Chipotle Has the Sizzle

 | Oct 28, 2013 | 3:00 PM EDT  | Comments
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I'm not one to check stock prices on a daily basis. I typically do just to keep a pulse on things but the past few days I was traveling and did not keep a direct pulse. I was shocked to see that shares in Chipotle Mexican Grill (CMG) were trading above $500 apiece.

Readers of my column know that I am a big fan of Chipotle. My analysis for Chipotle years back was painfully simple: I read a few annual reports and then visited a bunch of locations. Seeing long lines everywhere was all you needed to establish that this company was for real and generating tons of sales. As a value investor, I also commented on the need to realize that buying a high-quality business like CMG at 20x to 25x earnings could be more of a value proposition than paying 10x earnings for an inferior business.

In March, I wrote of Chipotle: "How much would you pay to get a business that generates $2 million in annual sales and $570 million in operating cash flow? I'll assume no growth in sales. The maintenance capital expense is minimal for this business -- every several years or so you may have to update your equipment and spend several million dollars. If you say 10x operating cash flow, you are paying $5.7 million."

I concluded: "So if you would pay $5.7 million, then this company's 1,180 facilities are worth $6.7 billion. But if you own the actual company, you get the rights to add units at a cost of $800,000. On the flip side, the company has to incur corporate costs that would not exist if you just owned a single unit of production. Still, the growth potential is huge, so perhaps you pay $7 to $8 billion."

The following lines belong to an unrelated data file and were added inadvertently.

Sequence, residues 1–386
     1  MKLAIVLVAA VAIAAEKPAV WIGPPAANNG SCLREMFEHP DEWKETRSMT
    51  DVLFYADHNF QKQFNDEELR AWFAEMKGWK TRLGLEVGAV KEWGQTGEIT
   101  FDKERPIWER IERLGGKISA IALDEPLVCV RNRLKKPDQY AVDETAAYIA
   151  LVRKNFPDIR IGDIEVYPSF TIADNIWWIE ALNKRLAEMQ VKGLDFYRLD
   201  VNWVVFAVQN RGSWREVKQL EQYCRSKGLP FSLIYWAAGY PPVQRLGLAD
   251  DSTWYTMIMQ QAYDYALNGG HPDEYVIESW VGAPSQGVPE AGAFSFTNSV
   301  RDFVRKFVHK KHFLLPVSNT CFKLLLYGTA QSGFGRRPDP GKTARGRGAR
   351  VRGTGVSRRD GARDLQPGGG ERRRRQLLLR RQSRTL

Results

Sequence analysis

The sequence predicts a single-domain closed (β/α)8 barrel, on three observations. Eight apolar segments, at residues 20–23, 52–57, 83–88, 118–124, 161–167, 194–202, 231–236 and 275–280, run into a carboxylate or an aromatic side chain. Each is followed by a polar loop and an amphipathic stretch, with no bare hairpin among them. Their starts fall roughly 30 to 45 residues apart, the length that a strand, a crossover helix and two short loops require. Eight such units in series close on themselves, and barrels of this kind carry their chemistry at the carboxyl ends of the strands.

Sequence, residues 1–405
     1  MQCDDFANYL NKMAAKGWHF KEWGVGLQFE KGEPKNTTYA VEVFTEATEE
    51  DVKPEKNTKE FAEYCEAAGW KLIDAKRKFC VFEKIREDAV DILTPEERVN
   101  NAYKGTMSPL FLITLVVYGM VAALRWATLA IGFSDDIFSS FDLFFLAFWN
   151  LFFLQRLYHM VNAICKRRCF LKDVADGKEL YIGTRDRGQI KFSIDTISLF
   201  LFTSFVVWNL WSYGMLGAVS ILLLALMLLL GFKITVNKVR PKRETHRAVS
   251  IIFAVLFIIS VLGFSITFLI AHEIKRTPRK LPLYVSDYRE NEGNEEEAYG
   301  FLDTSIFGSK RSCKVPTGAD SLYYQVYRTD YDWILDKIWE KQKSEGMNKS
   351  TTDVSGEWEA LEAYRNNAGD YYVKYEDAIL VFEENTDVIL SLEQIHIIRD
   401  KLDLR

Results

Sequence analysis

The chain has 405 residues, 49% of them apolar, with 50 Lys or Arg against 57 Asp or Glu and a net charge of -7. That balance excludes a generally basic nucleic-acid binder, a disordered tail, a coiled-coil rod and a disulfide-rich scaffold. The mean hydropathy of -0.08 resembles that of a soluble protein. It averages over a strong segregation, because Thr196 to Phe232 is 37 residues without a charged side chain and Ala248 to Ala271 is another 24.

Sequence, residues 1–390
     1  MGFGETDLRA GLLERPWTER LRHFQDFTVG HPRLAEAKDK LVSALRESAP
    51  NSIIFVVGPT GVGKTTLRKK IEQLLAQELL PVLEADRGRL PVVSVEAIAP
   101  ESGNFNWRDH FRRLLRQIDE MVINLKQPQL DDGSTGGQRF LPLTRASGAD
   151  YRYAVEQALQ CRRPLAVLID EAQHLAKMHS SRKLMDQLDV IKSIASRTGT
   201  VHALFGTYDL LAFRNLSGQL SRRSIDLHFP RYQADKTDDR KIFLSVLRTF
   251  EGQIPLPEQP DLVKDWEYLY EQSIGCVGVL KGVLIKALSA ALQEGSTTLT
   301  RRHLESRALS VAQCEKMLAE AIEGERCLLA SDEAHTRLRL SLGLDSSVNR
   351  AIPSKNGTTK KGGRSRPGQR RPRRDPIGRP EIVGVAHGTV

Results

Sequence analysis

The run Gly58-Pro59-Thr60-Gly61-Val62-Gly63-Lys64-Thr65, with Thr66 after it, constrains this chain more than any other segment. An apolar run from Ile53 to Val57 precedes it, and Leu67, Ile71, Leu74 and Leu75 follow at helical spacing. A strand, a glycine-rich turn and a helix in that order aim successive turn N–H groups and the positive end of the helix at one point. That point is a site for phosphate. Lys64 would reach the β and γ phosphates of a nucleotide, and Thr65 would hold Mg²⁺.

Of course, I was talking about Chipotle, and when the company had a market cap of $8 billion, it was still trading for 30x earnings. That valuation metric alone would scare off many a "value" investor, but it was a misleading metric. I say misleading because Chipotle had and still has the room to add units of production (its restaurants) that cost less than $1 million to build and generate more than $500,000 in operating cash flow in the first year.

But here we are today and the company is now valued at more than $16 billion, or 50x earnings. The Chipotle sizzle has gotten exciting and the excitement has built in years of strong growth in the valuation. While I'm almost certain that Chipotle will deliver on its growth, the market values each existing restaurant at over $10 million. On average, each restaurant generates about $1.7 million in annual sales, and perhaps $150,000 to $200,000 in net profit, so you can see that Mr. Market has become very optimistic on the value of Chipotle.

This optimism is fueled by the general optimism of the stock market. I'm neither buying nor selling my stake only because I believe that at my cost basis, holding shares for years is likely a better scenario that taking a gain now. I'd be happy to add to the stake if the price took a significant decline. That being the case, today's price is at a level that I would now deem poses more risk that outweighs the superior quality of this business. If you are not planning to hold for the long run, Chipotle shares are perhaps now more sizzle than substance.

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